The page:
🚨 Draft 0.0.2 🚨
Windfall is just a theoretical thought experiment at the moment.
Windfall scrapes/fetches data from news and social media sources and applies machine learning principles to predict stock market prices in real-time. It also seeks to provide users with a panel through which they can navigate this nuanced data and strategize to maximize their returns.
Windfall seeks to algorithmically examine the relationship - if any - between the news we consume and the way our financial markets respond in kind. Windfall doesn’t seek to “beat” similar software - and trust us, we know we’re not the first - but rather to approach the situation in its own unique way.
Continued research into the many relevant fields is being done before any official development takes place, both for literacy in the rigorous subject matter, and to help ensure that:
Windfall will be composed of a series of modules. The sections below lightly detail the modules that are planned so far, and provide an overview on how they will work together.
Cheers, here’s to making this pipe dream of an application into reality. 🍺
Below is a list of the 5 primary modules that will comprise Windfall’s back-end. In addition to these modules, there will be a dedicated front-end and a “site” front-end that will provide a simple user CRUD system.
This module is responsible for:
analyzer. Other data spaces are being explored.
Support for GraphQL is being considered as a way to retrieve data from the API, although it is uncertain whether this application will have a public API or be offered “as-is.”
This module is responsible for:
This mediator module is responsible for:
analyzersubmodules, which will each yield insight in different ways. In other words, it is the synchronous endpoint to which the following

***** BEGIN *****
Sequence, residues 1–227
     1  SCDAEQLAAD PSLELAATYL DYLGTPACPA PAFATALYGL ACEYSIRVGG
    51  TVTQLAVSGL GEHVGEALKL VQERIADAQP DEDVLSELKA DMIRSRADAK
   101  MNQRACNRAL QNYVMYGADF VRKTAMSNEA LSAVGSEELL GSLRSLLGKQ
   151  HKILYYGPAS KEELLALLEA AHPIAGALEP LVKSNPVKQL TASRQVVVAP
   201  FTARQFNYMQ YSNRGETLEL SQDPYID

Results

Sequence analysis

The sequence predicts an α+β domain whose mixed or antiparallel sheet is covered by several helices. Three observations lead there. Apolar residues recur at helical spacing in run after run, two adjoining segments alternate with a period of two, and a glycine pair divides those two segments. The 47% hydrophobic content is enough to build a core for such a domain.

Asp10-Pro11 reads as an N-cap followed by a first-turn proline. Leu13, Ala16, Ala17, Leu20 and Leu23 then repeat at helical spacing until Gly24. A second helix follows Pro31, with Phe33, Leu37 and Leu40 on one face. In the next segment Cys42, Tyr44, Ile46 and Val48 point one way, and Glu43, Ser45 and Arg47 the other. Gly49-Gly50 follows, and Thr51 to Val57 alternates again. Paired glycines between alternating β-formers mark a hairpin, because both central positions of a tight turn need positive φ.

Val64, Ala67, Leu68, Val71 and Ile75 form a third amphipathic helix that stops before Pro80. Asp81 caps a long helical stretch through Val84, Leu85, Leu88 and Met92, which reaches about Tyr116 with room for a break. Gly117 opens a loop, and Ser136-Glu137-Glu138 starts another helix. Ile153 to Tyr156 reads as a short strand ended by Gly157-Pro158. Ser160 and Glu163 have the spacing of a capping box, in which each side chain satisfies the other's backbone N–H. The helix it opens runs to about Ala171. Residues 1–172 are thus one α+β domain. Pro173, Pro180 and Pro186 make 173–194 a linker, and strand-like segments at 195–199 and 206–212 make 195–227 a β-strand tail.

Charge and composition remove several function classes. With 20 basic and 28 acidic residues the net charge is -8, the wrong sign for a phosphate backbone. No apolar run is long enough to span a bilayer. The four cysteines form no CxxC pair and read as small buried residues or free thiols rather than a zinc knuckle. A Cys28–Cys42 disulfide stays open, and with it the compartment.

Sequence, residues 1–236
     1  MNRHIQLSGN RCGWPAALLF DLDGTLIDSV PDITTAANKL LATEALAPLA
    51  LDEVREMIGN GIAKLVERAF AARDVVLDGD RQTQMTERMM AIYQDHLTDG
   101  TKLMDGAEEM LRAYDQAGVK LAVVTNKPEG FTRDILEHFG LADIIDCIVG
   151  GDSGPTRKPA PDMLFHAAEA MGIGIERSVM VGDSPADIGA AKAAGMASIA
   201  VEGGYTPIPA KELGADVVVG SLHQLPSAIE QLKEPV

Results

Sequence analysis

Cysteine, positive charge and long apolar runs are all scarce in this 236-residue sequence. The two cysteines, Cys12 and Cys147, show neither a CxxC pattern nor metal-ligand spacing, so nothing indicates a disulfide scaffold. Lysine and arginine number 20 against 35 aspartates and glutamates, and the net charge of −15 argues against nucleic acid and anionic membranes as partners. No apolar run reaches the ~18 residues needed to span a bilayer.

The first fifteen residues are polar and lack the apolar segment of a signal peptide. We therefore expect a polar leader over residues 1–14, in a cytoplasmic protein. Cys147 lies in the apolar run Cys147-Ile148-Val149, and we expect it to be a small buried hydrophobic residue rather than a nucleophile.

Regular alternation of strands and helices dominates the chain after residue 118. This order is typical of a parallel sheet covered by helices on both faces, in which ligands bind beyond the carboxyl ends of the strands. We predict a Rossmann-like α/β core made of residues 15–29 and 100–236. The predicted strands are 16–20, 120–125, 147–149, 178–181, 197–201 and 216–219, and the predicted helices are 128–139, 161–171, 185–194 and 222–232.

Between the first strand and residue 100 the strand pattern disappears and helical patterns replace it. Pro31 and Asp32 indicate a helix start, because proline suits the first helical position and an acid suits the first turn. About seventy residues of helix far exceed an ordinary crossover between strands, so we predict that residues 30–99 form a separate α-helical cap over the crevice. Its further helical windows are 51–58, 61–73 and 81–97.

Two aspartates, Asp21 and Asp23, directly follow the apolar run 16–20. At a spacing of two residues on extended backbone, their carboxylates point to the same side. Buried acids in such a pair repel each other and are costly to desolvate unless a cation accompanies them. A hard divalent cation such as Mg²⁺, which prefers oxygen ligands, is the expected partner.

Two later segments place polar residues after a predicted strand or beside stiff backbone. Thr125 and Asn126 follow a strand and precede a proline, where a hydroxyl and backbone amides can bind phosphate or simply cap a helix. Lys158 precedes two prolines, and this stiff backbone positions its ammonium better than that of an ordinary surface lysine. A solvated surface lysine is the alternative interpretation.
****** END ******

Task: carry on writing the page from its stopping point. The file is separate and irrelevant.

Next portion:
analysis-*submodules will resolve.
The goal of this submodule is to produce a “score” for each individual article/post. The hypothesis is that this score, when multiplied by the weight associated with the article’s origin (as produced by the next module below), will allow for a more accurate score overall.
This submodule is responsible for:
The goal of this submodule is to produce coefficients (or “weights”) that describe the reliability of various news sources as predictors of stock performance.
This submodule is responsible for:
Finally, the goal of this module is to “stitch” all the information so far into a bundle of information that is easy to understand.
Below are some “User Stories” of how this module’s data might be used.
The above section detailed the modules involved. This section discusses some implementation-specific information, as distinct from the core Windfall Engine.
Sentiment Analysis and other NLP analytical processes will be applied to the text, ultimately outputting a “score action”. The term
action here is used in the context of Redux actions.
Inasmuch as possible, this operation will be done asynchronously, as per this documentation, to prepare Windfall as an “always-on, always-analyzing” engine that is minimally capped by low-spec hardware.
With an asynchronous, redux-based implementation, we should be able to amass an extremely navigable record of changes. By observing the patterns in these changes, we can prescribe a course of action in that taunting binary choice that commands the stock market: invest, or don’t?